Unions question Belgian Opel plant closure
Belgian unions on Thursday questioned reported plans by the future owners of GM unit Opel to "wind down" a totemic production plant in the northern city of Antwerp with the potential loss of 2,500 jobs.
General Motors vice president John Smith, speaking after GM announced the planned sale of Opel to Canadian auto parts manufacturer Magna and state-owned Russian bank Sberbank, said Magna was considering winding down the Opel plant in Antwerp and shifting some production from Zaragoza, Spain to Germany.
"It's a GM boss who said that, not Magna," Luc Van Grinsven of Belgium's biggest union confederation, the CSC, told Belgian TV. "Let's wait to see what the discussions with Magna can bring up."
Van Grinsven said a Europe-wide works committee for Opel, which employs over 50,000 workers across the continent, had sought assurances on three issues relating to the sale.
He cited "no straight redundancies, no factory closure(s) and an equitable sharing out of capacity."
Half of Opel's European jobs are concentrated in Germany, whose Chancellor Angela Merkel was Magna's biggest political supporter and where a series of plants are expected to be spared amid heavy state investment aid.
Unions in Austria, Britain, France and Poland are also awaiting clarification as to their fate.
"The people who were seated round the table during these negotiations are aware of (these demands) and I think they will have been taken into account," Van Grinsven added.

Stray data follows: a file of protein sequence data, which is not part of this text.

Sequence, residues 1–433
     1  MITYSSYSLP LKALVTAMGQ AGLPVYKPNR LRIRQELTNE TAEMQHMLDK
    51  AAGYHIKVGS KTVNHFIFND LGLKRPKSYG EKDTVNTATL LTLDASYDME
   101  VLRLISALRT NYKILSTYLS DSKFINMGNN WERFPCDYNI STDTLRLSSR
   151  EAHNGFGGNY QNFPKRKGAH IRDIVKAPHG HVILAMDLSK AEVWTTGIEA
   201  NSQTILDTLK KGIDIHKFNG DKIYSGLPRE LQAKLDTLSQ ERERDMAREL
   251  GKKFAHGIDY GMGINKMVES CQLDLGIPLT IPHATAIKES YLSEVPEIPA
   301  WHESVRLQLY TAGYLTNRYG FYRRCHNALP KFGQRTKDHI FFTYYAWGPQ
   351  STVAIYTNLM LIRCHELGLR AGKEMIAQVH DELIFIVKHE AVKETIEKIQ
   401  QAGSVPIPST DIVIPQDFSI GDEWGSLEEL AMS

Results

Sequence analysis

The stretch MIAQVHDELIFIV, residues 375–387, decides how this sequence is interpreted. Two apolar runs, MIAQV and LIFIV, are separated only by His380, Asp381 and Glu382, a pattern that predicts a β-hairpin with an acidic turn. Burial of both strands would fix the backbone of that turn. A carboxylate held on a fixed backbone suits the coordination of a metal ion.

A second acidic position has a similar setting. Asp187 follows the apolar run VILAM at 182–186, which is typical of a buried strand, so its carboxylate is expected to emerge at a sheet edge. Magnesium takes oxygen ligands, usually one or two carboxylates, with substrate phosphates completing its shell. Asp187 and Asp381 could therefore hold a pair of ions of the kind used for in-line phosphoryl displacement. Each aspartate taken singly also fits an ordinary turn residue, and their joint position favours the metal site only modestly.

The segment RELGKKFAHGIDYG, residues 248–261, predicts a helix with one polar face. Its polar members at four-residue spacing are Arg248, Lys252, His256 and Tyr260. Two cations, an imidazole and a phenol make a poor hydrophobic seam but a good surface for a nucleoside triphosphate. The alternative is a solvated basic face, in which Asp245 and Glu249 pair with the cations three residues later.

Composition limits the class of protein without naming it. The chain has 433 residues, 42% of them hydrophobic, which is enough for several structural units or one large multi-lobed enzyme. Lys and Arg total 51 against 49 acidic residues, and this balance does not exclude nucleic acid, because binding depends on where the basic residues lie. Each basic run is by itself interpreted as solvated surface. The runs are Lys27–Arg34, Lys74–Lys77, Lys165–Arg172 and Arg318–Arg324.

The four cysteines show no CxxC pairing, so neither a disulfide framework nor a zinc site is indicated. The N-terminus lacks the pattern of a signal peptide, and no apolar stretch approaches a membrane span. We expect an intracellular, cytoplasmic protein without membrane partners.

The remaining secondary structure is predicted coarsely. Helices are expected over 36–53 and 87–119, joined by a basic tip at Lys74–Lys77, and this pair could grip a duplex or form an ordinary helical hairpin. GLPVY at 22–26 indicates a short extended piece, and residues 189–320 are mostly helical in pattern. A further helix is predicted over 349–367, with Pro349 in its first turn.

According to GM Europe's website, the company employs 2,584 workers in Belgium and its small neighbour Luxembourg, 2,377 of whom were listed as involved in production.
Werner Dillen of the CSC and Rudi Kennes of Belgium's FGTB trade union had earlier said Magna represented "the least bad scenario" for the workers in Flanders, the latter terming it Antwerp's "only hope."
Flemish government head Kris Peeters said he had made contact with Magna seeking clarification of their plans.
Is it a case of "phasing-out, or can we still talk?" he told Flemish TV.
Peeters said the company had told him at the end of July that Magna was "examining other possibilities" and called on the European Commission to investigate the strings attached to German state-aid running to 4.5 billion euros (6.5 billion dollars).
"We too have put millions on the table," he said, referring to an offer of up to 500 million euros.
"There remains a tiny bit of hope," he added.
Brussels-based investment group RHJ International lost out to Magna and Sberbank. Both bidders had said they wanted to cut 10,000 posts.